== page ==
Background: Direct hospital admissions from outside emergency departments and hospitals comprise a large proportion of admissions to tertiary medical centers. Clinical stability in these acutely ill patients can fluctuate, even during transport to a receiving medical center. Here, we report data obtained as part of an internal quality improvement initiative to identity clinical criteria present during patient transport from an outside institution that should prompt expedited communication with the receiving hospital team or reassessment of patient disposition within the hospital (general care vs. intensive care vs. emergency department evaluation).
Methods: Direct hospital admissions to our medical center during the months of January through June of 2015 were cross-referenced with patients for whom rapid response team (RRT) evaluation was requested. RRT evaluation may be requested for decompensating patients to expedite critical care expertise for assessment and stabilization, or transfer to a higher level of care within the hospital. Patients who had an RRT evaluation within 24 hours of direct hospital admission were identified and electronic charts were reviewed for evidence of clinical decompensation during inter-facility transport.
Results: During the time period including January through June of 2015, our hospital accepted 5332 direct hospital admissions from clinics, outside emergency departments or other hospitals. An RRT was requested within 24 hours and evidence of clinical decompensation during transport could be found for 21 of these admissions (0.39%). RRT occurred after an average of 2.8 hours in general care (range 0 to 12 hours). During inter-facility transport, evidence of hypotension (systolic BP < 90 mmHg) was present in six (29%), tachycardia (HR>120bpm) in seven (33%), administration of IV fluids in five (24%), changes in level of supplemental oxygen therapy in five (24%), new or persistent chest pain or nitroglycerine administration in three (14%), and change in level of alertness in four (19%) of the patient records. Of the 21 patients, 15 (71%) were transferred to the intensive care unit for further care. Ten (67%) of the patients transferred to the ICU required vasopressors, eight (53%) required noninvasive positive pressure ventilation (NIPPV) or intubation and 13 (87%) required any of these interventions.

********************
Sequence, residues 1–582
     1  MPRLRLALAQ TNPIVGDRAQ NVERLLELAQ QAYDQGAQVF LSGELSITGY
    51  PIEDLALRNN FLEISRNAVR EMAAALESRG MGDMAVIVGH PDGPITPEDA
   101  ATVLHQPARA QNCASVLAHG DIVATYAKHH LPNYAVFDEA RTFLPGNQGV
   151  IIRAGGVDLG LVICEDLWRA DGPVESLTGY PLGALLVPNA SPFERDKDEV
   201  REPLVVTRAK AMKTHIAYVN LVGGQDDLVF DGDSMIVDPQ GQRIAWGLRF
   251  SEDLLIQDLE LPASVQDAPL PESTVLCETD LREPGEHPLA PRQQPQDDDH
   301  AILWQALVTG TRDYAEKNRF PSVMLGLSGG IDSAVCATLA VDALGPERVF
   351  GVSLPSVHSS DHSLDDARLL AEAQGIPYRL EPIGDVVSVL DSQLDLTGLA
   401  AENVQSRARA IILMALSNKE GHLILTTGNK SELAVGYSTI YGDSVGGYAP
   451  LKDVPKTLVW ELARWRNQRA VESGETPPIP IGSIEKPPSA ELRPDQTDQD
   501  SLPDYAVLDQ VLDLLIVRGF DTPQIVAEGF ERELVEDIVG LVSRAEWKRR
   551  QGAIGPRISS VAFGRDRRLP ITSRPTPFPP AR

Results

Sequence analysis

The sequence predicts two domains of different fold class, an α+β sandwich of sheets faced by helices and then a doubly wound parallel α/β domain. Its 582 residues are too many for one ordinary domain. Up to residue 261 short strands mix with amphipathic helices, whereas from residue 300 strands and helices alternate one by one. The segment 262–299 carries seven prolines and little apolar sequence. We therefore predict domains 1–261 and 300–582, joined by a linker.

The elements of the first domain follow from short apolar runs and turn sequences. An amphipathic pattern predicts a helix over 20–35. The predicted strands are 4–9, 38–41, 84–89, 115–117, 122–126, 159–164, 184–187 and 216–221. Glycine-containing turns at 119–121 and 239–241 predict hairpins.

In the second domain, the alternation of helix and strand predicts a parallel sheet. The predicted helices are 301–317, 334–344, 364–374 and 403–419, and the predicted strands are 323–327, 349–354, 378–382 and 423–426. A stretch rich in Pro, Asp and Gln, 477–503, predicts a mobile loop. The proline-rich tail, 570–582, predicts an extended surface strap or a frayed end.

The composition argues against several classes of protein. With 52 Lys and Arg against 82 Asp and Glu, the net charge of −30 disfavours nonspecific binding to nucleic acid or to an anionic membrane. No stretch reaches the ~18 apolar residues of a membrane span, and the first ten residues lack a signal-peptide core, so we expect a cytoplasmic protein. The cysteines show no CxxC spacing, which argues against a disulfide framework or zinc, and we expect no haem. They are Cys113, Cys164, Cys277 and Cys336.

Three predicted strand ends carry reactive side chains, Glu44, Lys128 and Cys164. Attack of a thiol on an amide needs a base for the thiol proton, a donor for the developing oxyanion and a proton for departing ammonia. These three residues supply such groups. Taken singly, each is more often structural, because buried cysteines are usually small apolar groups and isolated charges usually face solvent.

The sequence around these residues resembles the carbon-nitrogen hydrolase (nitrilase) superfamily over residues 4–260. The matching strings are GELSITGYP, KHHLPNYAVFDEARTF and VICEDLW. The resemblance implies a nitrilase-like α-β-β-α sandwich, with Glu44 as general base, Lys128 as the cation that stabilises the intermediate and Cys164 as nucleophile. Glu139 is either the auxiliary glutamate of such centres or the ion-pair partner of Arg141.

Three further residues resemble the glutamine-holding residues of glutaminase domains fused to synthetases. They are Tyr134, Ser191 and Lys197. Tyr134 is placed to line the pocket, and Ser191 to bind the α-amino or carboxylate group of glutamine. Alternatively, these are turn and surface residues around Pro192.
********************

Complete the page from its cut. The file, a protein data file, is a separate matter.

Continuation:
Conclusions: Here, we report clinical developments during inter-facility transport for patients who required RRT intervention soon after direct hospital admission. Not surprisingly, abnormal vital signs, change in level of alertness and escalation of oxygen therapy were common. Most patients who transferred to intensive care required intensive-care level interventions like vasopressors, NIPPV or intubation and mechanical ventilation. These data will inform our efforts to improve the quality of communication between prehospital care providers, admission centers and hospital-based medical teams.